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  • To familiarise yourselves with the Papadopoulos, Tilki and Taylor model of cultural competence

Transcultural or intercultural study in health and social care is the study and research of cultural diversities and similarities of people in the way they define, understand and deal with the health/illness and welfare needs. It is also the study of the societal and organisational structures, which either aid or hinder people’s health and welfare.

Papadopoulos, Tilki and Taylor Model for Developing Cultural Competence

As can be seen above the model consists of four stages:

The first stage in the model is cultural awareness which begins with an examination of our personal value base and beliefs. The natures of construction of cultural identity as well as its influence on people’s health beliefs and practices are viewed as necessary planks of a learning platform.

Cultural knowledge (the second stage) can be gained in a number of ways. Meaningful contact with people from different ethnic groups can enhance knowledge around their health beliefs and behaviours as well as raise understanding around the problems they face. Through sociological study we should learn about power, such as professional power and control, or make links between personal position and structural inequalities. Anthropological knowledge will help us understand the traditions and self care practices of different cultural groups thus enabling us to consider similarities and differences.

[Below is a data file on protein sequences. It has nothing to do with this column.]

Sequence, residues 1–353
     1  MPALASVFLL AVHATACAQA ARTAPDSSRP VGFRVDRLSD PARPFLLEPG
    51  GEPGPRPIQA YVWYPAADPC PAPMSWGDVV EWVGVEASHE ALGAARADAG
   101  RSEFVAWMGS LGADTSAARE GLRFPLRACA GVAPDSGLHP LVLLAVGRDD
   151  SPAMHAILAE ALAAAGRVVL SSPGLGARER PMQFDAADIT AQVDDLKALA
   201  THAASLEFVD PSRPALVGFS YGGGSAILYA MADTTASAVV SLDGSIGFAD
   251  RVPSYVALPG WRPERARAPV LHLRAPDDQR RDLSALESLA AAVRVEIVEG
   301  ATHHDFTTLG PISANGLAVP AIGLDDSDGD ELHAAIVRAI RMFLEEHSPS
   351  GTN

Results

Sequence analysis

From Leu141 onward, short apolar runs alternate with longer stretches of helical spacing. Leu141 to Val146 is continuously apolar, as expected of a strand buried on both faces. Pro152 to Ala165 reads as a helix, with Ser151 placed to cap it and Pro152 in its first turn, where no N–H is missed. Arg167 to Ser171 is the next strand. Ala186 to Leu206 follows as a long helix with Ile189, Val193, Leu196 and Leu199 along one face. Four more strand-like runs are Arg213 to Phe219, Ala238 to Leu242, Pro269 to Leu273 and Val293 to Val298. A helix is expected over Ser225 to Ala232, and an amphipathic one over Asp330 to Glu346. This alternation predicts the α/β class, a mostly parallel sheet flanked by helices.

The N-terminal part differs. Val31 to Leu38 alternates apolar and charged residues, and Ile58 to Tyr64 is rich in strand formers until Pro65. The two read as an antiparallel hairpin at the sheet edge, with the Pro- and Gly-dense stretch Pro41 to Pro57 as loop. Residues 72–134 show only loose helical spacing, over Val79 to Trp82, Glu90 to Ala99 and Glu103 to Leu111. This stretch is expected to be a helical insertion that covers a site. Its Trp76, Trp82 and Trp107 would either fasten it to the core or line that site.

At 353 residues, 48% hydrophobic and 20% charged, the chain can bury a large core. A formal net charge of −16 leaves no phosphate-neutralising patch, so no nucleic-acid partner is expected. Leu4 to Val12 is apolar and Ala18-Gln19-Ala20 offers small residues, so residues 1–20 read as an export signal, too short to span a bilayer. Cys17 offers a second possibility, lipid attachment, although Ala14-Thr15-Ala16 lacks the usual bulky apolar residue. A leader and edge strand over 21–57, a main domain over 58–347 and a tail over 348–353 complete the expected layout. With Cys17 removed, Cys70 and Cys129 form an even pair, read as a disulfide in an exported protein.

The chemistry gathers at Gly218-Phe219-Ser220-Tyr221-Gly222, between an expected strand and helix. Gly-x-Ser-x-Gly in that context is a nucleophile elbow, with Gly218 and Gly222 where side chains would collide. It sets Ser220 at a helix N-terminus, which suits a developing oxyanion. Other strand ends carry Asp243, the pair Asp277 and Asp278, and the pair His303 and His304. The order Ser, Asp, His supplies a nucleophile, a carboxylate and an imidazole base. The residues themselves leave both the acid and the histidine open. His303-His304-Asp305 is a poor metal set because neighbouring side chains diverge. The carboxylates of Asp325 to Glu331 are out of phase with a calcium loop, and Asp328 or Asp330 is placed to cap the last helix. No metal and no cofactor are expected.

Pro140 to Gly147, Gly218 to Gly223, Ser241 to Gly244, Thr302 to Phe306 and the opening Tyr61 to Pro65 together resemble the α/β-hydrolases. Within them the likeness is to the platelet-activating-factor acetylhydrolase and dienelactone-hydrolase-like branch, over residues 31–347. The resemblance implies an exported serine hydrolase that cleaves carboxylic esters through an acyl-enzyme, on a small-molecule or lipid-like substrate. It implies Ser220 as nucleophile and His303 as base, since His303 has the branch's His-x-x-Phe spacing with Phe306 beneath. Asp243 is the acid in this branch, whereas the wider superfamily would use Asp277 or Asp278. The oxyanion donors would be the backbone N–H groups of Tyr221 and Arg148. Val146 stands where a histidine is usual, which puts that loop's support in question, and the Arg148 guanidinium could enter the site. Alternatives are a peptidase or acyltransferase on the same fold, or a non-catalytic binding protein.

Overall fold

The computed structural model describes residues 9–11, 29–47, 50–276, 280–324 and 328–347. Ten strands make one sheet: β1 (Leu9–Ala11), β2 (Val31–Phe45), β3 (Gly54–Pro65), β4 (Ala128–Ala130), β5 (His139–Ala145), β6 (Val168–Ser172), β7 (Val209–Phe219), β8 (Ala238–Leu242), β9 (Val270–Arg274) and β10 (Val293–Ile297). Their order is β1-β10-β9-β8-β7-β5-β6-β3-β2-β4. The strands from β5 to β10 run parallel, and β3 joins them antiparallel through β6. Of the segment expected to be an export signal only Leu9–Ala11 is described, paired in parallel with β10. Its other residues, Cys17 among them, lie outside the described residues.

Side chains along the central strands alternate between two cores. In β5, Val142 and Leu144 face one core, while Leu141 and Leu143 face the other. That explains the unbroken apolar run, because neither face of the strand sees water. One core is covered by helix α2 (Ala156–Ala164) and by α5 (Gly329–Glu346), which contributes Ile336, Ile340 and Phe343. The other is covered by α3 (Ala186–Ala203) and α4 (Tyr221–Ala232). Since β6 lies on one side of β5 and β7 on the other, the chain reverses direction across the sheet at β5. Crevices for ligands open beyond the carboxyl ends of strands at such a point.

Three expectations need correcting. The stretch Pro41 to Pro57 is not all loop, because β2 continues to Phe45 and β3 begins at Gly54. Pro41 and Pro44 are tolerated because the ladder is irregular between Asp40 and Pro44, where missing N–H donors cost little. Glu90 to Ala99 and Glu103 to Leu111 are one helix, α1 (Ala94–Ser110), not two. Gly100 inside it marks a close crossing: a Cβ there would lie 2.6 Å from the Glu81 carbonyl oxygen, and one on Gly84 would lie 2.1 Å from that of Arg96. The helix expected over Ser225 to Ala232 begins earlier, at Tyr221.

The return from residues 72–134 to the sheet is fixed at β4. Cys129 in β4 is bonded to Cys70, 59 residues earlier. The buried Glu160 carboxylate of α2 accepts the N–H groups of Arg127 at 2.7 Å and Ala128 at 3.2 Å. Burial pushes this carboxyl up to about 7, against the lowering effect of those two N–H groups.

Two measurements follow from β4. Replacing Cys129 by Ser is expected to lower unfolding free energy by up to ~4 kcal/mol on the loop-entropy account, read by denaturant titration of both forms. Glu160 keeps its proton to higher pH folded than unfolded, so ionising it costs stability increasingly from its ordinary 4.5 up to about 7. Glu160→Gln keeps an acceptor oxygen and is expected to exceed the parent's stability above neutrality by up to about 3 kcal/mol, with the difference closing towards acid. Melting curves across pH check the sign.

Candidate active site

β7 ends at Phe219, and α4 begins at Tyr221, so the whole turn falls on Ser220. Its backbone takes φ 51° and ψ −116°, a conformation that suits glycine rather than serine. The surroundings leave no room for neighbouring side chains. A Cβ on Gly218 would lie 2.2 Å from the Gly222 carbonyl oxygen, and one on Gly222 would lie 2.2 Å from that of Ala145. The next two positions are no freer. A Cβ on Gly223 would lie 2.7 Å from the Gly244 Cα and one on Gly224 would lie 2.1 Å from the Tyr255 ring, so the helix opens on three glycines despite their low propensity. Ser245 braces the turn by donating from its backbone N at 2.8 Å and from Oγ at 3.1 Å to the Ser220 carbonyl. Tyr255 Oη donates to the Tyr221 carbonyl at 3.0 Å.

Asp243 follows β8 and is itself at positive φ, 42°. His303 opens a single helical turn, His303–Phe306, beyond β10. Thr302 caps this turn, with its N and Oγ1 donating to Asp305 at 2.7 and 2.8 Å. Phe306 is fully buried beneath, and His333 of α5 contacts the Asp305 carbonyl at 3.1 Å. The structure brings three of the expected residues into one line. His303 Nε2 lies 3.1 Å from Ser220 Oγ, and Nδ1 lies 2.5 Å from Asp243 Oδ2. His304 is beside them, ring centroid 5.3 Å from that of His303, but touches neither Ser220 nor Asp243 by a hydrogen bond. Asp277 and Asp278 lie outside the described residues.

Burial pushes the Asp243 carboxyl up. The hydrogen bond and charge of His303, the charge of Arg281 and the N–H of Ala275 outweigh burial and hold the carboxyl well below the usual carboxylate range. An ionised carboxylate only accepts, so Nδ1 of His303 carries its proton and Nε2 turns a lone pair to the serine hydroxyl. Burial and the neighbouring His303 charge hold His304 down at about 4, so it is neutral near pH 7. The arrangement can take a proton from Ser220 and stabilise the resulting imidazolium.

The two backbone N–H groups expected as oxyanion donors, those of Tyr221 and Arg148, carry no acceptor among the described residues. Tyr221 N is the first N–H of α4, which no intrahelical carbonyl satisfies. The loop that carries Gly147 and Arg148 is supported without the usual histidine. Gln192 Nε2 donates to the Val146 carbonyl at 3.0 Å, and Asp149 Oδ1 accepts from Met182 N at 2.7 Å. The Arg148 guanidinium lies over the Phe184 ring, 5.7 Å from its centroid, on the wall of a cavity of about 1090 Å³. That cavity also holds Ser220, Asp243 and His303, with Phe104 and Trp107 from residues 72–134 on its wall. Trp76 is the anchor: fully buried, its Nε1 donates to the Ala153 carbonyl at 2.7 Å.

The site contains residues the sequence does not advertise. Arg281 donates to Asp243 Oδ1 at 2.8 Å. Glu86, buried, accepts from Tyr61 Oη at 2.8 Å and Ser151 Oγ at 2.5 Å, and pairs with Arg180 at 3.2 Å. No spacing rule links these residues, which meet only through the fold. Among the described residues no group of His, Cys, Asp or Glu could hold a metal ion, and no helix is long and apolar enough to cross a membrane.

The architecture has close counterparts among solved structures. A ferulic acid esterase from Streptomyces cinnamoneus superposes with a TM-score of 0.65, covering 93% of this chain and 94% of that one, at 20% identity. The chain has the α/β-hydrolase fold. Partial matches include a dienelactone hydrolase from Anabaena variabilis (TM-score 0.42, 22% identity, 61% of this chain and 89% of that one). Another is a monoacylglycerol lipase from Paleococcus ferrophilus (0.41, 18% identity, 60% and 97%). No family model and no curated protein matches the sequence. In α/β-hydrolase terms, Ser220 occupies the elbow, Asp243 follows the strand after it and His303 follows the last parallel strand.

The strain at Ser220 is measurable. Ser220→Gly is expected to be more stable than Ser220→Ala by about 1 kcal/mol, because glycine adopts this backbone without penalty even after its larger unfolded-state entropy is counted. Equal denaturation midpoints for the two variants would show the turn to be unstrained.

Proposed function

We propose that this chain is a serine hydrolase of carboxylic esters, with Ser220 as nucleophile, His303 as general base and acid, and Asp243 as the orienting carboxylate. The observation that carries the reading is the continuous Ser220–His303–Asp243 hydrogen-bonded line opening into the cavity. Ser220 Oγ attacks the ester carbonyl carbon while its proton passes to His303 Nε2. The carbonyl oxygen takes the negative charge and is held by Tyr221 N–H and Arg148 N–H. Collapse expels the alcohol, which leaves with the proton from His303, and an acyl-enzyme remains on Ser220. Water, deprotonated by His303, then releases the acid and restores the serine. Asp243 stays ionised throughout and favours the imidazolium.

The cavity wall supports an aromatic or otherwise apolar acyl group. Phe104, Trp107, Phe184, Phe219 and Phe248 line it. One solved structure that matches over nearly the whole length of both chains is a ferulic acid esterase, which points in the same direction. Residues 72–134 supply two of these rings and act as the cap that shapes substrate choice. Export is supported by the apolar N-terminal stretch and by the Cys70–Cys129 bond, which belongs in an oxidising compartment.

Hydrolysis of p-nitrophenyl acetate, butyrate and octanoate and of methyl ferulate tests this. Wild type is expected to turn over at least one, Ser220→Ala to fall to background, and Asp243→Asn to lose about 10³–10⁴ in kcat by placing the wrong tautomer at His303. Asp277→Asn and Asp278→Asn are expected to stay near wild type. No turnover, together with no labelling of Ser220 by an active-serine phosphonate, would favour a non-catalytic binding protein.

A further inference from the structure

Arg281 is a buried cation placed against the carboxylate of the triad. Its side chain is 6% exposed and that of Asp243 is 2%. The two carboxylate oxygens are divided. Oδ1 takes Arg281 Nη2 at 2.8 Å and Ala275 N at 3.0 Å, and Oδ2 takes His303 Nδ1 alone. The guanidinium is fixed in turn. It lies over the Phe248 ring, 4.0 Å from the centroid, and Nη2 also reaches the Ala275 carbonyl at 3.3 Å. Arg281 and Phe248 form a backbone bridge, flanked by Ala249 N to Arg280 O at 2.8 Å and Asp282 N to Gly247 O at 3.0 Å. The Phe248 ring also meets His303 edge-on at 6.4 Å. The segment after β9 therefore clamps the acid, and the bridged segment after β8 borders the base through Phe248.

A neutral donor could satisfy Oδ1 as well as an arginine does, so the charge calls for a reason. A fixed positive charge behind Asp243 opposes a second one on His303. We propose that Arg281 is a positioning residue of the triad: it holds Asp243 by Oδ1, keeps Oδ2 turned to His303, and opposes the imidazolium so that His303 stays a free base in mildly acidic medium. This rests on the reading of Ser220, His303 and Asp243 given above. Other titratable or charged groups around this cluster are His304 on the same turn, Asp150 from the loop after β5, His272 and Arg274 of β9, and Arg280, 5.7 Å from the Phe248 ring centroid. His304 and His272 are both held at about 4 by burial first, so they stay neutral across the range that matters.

An important element in achieving cultural sensitivity (the third stage), is how professionals view people in their care. Dalrymple and Burke (1995) have stated that unless clients are considered as true partners, culturally sensitive care is not being achieved; to do otherwise only means that professionals are using their power in an oppressive way. Equal partnerships involve trust, acceptance and respect as well as facilitation and negotiation.

The achievement of the fourth stage (cultural competence) requires the synthesis and application of previously gained awareness, knowledge and sensitivity. Further focus is given to practical skills such as assessment of needs, clinical diagnosis and other caring skills. A most important component of this stage of development is the ability to recognise and challenge racism and other forms of discrimination and oppressive practice. It is argued that this model combines both the multi-culturalist and the anti-racist perspectives and facilitates the development of a broader understanding around inequalities, human and citizenship rights, whilst promoting the development of skills needed to bring about change at the patient/client level.